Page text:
Top Left Header
Header
Opinion
Arrow
Title - The View from Dundas
Follow OurHometown.ca on... Follow Us on Facebook Follow Us on Twitter Follow us on RSS Follow Us with E-Mail Updates!
Why are we blocked from the river?
By Phillip Blancher
OurHometown.ca

Why are we blocked from the river?
Why do we have such a lack of connection to our natural waterfront? This is a consequence of the creation of the St. Lawrence Seaway project 55 years ago. A large amount of the land that borders the river is blocked from access. The problem is not just in South Dundas, but also all municipalities which front onto the river.
PHOTO CREDIT - OurHometown.ca

South Dundas - October 29, 2013 - Why do we have such a lack of connection to our natural waterfront? This is a consequence of the creation of the St. Lawrence Seaway project 55 years ago. A large amount of the land that borders the river is blocked from access. The problem is not just in South Dundas, but also all municipalities which front onto the river.

Prior to the St. Lawrence Seaway project, people lived along the river, worked along the river, played along the river. Communities formed up and down the river. When the Seaway project concluded, large swaths of land, the land that was not flooded, was barred from the residents. It has taken many years for parks and waterfront activities to grow inside the villages. But outside of those villages, it is still a major issue, and that needs to change.

Take a drive east of Morrisburg on County Road #2, most of the land between Morrisburg and Ingleside is owned by Ontario Power Generation(OPG), the St. Lawrence Parks Commission(SLPC) and some is an Ontario Provincial Park. The OPG land was restricted, in-part, because of “possible flooding”. The SLPC land is controlled with access fees for campgrounds (Riverside-Cedars) or attractions (Upper Canada Village & Crysler Park). Areas without and admission fee are blocked now. No access allowed. Try going to the Dupont Provincial Park. Good luck to you on that.

Why did this happen? The OPG Land was blocked for fear of flooding. When the Seaway was designed, they didn't have computer models like they do now. Water was unpredictable and OPG predecessor Ontario Hydro did not want to risk flooding houses. But “Inundation Day”* was 55 years ago; surely they know by now how much land would be flooded?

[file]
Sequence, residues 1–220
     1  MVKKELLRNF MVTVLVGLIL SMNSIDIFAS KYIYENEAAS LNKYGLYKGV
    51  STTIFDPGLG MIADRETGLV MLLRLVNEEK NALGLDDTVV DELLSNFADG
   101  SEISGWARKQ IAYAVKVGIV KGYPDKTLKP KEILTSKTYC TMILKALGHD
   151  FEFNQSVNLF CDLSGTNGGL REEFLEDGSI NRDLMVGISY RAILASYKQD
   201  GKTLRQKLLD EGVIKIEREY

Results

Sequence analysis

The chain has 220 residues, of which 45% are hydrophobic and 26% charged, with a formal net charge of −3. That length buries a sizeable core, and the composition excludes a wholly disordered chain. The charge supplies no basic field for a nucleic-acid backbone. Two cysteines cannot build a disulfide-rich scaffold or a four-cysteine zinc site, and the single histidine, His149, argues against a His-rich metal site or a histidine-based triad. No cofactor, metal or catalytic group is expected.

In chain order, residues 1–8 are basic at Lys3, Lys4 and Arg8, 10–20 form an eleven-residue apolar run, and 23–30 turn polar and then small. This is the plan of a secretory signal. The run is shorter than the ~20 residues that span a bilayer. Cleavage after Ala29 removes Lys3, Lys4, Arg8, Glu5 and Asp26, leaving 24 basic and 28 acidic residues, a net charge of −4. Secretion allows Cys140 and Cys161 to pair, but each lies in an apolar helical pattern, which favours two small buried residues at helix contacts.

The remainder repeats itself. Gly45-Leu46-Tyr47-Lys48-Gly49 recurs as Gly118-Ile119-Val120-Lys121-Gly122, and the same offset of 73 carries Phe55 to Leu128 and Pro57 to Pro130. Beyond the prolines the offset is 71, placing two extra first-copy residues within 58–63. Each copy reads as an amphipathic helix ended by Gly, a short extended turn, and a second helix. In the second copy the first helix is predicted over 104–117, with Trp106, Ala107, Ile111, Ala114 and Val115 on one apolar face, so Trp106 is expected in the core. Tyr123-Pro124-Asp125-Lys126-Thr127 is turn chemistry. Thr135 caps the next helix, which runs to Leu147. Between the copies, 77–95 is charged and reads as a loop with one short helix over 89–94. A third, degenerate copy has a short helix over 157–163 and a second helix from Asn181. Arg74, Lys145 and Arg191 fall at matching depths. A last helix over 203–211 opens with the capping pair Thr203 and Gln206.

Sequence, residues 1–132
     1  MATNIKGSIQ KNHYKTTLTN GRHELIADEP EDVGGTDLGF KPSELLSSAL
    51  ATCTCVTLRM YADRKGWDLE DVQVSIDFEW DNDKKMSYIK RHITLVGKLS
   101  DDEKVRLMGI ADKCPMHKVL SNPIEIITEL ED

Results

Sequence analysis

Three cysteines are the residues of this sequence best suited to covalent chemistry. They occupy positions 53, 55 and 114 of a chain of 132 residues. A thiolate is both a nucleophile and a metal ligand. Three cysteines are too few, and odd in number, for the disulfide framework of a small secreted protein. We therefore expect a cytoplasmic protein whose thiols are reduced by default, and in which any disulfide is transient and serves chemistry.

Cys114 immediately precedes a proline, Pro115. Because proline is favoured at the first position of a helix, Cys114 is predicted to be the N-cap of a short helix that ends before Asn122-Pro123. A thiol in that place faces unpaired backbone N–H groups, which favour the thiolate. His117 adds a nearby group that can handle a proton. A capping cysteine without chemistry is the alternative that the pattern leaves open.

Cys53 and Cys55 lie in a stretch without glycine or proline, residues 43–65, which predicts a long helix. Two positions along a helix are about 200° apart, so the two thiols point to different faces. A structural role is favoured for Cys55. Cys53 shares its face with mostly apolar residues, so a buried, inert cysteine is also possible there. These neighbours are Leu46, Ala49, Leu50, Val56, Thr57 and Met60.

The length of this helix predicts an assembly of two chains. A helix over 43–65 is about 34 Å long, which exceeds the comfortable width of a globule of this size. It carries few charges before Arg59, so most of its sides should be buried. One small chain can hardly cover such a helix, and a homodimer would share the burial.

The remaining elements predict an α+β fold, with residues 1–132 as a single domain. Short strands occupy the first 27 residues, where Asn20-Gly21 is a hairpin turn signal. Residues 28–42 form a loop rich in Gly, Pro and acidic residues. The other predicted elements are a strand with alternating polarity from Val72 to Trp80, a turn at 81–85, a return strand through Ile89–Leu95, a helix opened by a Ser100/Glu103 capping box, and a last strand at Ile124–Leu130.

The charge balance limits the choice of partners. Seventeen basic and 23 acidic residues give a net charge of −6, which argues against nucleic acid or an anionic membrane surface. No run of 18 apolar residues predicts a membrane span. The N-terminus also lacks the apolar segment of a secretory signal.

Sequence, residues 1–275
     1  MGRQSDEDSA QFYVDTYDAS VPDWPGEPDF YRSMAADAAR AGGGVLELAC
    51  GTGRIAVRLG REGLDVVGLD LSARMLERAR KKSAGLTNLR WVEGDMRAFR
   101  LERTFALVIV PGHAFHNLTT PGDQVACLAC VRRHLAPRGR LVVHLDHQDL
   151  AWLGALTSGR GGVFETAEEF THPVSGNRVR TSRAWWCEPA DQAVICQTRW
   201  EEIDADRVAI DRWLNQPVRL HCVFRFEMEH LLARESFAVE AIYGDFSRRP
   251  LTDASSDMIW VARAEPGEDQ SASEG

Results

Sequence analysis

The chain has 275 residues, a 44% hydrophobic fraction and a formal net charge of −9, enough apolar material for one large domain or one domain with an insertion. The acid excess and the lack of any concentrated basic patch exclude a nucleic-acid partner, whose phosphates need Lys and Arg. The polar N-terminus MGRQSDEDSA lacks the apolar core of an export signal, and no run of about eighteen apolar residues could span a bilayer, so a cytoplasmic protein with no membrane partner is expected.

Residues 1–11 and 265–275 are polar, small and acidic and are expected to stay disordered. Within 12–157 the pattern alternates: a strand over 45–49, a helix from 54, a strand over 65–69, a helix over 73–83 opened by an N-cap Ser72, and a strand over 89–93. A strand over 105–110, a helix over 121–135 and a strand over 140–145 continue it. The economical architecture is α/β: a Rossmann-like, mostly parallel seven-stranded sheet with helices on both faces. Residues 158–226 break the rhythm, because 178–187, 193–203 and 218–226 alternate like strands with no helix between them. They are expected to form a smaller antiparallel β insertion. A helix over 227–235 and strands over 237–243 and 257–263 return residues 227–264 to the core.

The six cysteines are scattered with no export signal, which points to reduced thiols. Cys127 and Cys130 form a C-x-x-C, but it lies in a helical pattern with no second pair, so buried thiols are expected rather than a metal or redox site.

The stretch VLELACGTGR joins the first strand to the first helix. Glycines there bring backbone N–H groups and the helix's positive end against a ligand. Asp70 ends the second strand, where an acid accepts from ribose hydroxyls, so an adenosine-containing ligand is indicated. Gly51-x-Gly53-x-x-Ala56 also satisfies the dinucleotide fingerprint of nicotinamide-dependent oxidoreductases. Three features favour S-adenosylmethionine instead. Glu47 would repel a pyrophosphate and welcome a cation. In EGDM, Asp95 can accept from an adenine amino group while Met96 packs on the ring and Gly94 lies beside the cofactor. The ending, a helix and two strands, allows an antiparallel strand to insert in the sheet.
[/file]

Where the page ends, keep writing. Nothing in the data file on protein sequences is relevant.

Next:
The SLPC is an issue on it's own. Land affiliated with it, between Crysler Park and Upper Canada Village is blocked off from use. Crysler Park, a day-use park with a beach, is closed from use most of the summer. Gates restrict traffic from visiting anything but the marina, or Upper Canada Village. The grass is still cut in these places, just no one can go in and use them.

The Provincial Park is another matter, what good is a park if you cannot get to it. On the south side of County Road #2 and the north side, there is provincial park land, but don't try to access them. No parking, no access, a bunch of fences, no signage where you are allow to go and where not.

There is no good reason for any of this to occur. The Seaway has flooded, the shores are defined, it's been 55 years. Why can't access be opened, trails opened up and parking areas along the highway built? There is land where a former gas station was located, a great spot for parking already. Why can't the St. Lawrence Parks Commission keep Crysler Beach open all summer, or park and picnic on the grass near their marina? Why are all of these things locked up and closed off for the winter? How can people discover and explore the provincial park, if there is no way to get to it?

The motto for Ontario is “Yours to Discover”, it's on every licence plate in the province. For 55 years, for generations, people have been cut-off from the river, let them discover it again.

*Inundation Day was July 1st, 1958 when the St. Lawrence Seaway was flooded from Iroquois to Cornwall, creating Lake St. Lawrence and the deep draft shipping system in place now. For more information on the St. Lawrence-Seaway Project and how the communities were affected, visit the Lost Villages Historical Society website at www.lostvillages.ca

Follow Me on TwitterPhillip Blancher is a writer, web geek and communications professional by trade. He has written for a number of publications in Eastern Ontario and Northern New York State and also was a weekly morning show contributor for two area radio stations. As a resident of South Dundas for the last seven years, this long-time political buff has taken on an appreciation of small-town/rural life while also being a father of four and a soccer coach. Blancher's columns on OurHometown.ca will cover a range of his interests from politics, parenthood, local history and on his favourite NHL team, the Buffalo Sabres. If you have questions or wish to contact Phillip, you can email him at pblancher@ourhometown.ca






Title - Story Count
7,736 Stories & Growing Daily...

To date OurHometown.ca has posted a total of 7,736 stories! News, sports, hockey, lifestyle, opinion and more!

Be sure to check out our Columnists archives or, why not Contribute a Story yourself!

OurHometown.ca offers a very generous revenue sharing opportunity for our Columnists. If you are interested in learning more details about writing for us, please send us an EMAIL.
Windsor Police Arrest Male in Child Luring Investigation


Follow OurHometown.ca on... Follow Us on Facebook Follow Us on Twitter Follow us on RSS Follow Us with E-Mail Updates!


Title - More Headlines
Click on Photo or Story Title for more info
LCBO extends hours in advance of potential labour disruption
An overview of the East Asia - North American Trade and How it Grew
Devonshire Mall to undergo exciting changes
LCBO releasing ten Nouveau wines for 2015
Devonshire Mall launches exciting Back to School Campaign
OurHometown.ca News Database Last Updated:
Aug. 9, 2017 @ 2:25 PM EDT






Footer

Free Sitemap Generator